“Once you tell a story incorrectly once, you can’t control where it goes.” Sarah tells Mike how The New York Times turned a suburban murder into an urban legend. Digressions include Billy Joel, the World’s Fair and “Ferngully.” This episode marks a triumphant return to Long Island and an unexpected celebration of Pride Month.
“We’re uncomfortable with the evidence that teen girls have sexual agency.” Special guest Amy Hasinoff tells Mike and Sarah how a moral panic became a legal nightmare. Digressions include Cosmo advice columns, Grindr etiquette and the revolutionary hugging of the “Avengers” movies. Due to the ongoing hex placed on this podcast, the sound quality is worse than usual.
“He’s been punished even more than the American prison system can aspire to punish anyone”: Mike tells Sarah how John Walker Lindh became a terrorist in the media, a freedom fighter in his own mind and something between the two in reality. Digressions include “Newsies,” Bruce Willis and “Candide.” Sarah sneakily reveals her lifelong affection for Howard Stern.
“It just seems like capitalism masquerading as religion”: Sarah tells Mike how a horror movie resurrected a ritual and established an industry. Digressions include “Avatar,” the NFL and the ethics of book publishing. The final five minutes are an unintentionally concise description of the core moral principle of this show.
“We want stories that don’t exist in systems”: Mike tells Sarah what happened when Utah set out to solve one of America’s most intractable problems. Digressions include the Paleo diet, the planet Mars and the inadequacy of the term “up the river.” Jimmy Carter makes an extended cameo appearance.
“Why did we make fun of Dan Quayle for misspelling the word ‘potato’ when we should have made fun of him for arguments like this?” Mike tells Sarah how a real vice president blamed a fictional single mom for causing one of the most divisive events of the 1990s. Digressions include “Designing Women,” “Alien” and “The Brady Bunch.” Listeners finally learn that Sarah has a lovely singing voice.
Mike tells Sarah how a 5-year-old kid transformed a city, divided a political party and (maybe) determined a presidential election. Digressions include World War II, Clarence Darrow and something called “Like, News with Skeeter.” Both co-hosts conclude that this episode is somehow an equal-parts mixture of Satanic Panic and Terri Schiavo.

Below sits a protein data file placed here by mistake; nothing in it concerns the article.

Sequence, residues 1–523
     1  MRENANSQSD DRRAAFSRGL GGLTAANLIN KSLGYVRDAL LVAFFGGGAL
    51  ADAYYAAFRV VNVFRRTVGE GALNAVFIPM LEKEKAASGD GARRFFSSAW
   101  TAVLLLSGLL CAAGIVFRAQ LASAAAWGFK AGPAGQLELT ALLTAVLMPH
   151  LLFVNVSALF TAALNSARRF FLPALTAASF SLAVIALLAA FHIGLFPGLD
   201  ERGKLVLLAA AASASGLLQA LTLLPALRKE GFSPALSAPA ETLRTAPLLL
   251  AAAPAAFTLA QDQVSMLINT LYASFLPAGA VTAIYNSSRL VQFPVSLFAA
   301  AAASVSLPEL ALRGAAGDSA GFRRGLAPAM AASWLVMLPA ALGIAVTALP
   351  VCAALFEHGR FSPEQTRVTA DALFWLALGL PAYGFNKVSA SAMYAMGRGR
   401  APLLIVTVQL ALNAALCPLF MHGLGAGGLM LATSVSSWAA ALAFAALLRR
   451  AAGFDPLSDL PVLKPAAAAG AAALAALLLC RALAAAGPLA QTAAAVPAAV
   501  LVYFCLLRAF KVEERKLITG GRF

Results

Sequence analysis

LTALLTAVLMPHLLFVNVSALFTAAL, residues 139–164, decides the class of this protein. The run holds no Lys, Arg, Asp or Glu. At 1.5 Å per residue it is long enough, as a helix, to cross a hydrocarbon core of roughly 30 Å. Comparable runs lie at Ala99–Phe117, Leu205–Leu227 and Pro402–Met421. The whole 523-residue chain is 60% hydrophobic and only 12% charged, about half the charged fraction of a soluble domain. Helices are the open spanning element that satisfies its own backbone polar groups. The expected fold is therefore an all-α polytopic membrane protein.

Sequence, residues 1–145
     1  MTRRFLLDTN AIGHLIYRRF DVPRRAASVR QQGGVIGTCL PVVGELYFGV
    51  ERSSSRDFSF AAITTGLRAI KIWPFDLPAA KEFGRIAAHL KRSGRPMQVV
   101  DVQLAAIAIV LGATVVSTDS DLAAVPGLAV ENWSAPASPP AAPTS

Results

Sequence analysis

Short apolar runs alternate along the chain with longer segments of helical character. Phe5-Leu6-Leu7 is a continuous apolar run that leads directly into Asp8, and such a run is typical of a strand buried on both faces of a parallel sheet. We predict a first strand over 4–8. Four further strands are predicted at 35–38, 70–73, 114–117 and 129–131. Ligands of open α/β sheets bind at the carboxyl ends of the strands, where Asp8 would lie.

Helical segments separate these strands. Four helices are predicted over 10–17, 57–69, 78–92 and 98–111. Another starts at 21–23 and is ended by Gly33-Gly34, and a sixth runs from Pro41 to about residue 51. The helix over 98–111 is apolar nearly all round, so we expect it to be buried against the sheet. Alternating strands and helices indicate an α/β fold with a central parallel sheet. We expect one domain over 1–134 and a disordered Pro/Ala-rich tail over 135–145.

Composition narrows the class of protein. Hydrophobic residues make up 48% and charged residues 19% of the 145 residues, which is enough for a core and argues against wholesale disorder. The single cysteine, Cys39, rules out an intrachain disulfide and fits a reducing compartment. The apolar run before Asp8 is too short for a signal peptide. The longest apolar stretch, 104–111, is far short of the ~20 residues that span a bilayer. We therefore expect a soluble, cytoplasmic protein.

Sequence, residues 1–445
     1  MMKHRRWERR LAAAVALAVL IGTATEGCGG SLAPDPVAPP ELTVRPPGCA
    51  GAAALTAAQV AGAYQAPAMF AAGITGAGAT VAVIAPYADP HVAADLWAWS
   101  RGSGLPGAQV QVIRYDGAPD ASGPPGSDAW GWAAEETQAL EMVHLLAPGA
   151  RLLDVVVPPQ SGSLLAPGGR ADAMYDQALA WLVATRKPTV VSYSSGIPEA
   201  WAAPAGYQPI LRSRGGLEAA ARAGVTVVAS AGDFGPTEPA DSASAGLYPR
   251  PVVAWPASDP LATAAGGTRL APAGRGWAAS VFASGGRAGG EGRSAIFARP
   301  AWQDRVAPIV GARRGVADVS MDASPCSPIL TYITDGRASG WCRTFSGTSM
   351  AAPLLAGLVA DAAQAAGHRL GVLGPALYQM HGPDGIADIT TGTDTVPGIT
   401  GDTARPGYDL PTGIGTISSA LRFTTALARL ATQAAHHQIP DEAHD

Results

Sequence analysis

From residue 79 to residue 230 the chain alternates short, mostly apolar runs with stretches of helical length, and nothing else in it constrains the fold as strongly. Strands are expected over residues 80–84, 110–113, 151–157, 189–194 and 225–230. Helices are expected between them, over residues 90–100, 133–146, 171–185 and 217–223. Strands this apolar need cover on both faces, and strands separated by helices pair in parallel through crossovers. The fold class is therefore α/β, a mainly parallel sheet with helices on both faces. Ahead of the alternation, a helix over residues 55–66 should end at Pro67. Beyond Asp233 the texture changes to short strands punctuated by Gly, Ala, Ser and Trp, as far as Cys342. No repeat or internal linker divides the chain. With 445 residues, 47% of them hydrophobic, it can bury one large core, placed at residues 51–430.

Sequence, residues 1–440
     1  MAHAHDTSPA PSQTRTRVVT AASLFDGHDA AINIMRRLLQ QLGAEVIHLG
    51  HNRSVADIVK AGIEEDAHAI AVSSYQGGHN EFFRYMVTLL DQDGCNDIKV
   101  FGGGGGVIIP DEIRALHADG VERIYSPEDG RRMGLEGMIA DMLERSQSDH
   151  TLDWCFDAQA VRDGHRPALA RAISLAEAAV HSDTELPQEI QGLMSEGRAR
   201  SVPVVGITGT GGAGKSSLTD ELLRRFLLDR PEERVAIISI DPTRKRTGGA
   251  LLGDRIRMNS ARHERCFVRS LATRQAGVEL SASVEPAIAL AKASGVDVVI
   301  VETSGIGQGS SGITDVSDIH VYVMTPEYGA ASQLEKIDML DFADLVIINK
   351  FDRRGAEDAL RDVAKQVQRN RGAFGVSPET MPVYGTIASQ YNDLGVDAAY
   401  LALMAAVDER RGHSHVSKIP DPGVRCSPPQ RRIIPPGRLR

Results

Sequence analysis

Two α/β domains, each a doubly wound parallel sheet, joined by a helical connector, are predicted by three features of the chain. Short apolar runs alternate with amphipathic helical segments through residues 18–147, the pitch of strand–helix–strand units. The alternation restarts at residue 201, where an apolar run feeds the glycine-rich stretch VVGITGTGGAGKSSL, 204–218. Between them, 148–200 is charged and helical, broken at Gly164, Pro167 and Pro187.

Mike tells Sarah how a simple idea in a single school district became a nationwide racial panic. Digressions include slasher movies, Space Invaders and homeschooling. The taglines are becoming more esoteric.
Mike tells Sarah how the media, the president and the Pope turned a simple medical story into a complicated legal one. Digressions include canine loyalty, unionized space-workers and polyamory logistics. Both co-hosts recorded in tiny rooms, but with very different acoustics.
Sarah tells Mike how a poor Texas girl made herself into an icon and America made her into a punchline. Digressions include massage technique, “Death Becomes Her” and (obviously) “The Godfather.” Mike sounds even sicker than he did last week.
Plus, special thanks to Ian at Marfa Public Radio, who helped Sarah record this episode!
Mike tells Sarah how an environmental problem became a national rallying cry, a sticky diplomatic issue and, eventually, a conspiracy theory. Digressions include “Alien,” Field & Stream and NRA public service announcements. Both hosts are recovering from colds and at least one spends the episode under a blanket.
Sarah tells Mike how a dubious affair distracted from the real scandal of the 1988 election. Digressions include “Good Will Hunting,” People Magazine and Linda Ronstadt. Michael Dukakis is described, for the first time ever, as “the soulmate who was there all along.”
“She only said one thing her whole life”: Sarah tells Mike how two decent women became scapegoats for the actions of one terrible man. Digressions include Larry Flynt, NPR tote bags and Playboy back issues. The co-hosts discover they have wildly different relationships with “Saturday Night Live.”
Mike tells Sarah how a “bad apples” explanation kept us from seeing the real scandal at the heart of America’s largest corporate bankruptcy. Digressions include “Casino,” Thanksgiving economics and corruption catchphrases. Neither co-host truly understands how the stock market works.
It wasn’t an accident. Mike tells Sarah how the infamous space shuttle disaster came to be seen as a white-collar crime. Digressions include the Donner Party, George Lucas and “Jurassic Park.” Both co-hosts are audibly recovering from colds.
Mike tells Sarah how a close election and an even closer Supreme Court decision established the political template we’re still living with today. Digressions include quarks, Ouija Boards and (sorry) moral philosophy. The “lemonade theory” turns out to be less fun than it sounds.
Sarah tells Mike about the sad reality — and the terrible man — behind the infamous Long Island Lolita. Digressions include software terms of service, the rise of beepers and Monica Lewinsky’s LinkedIn profile. Mike, a 36-year-old man, appears not to understand what pimps do.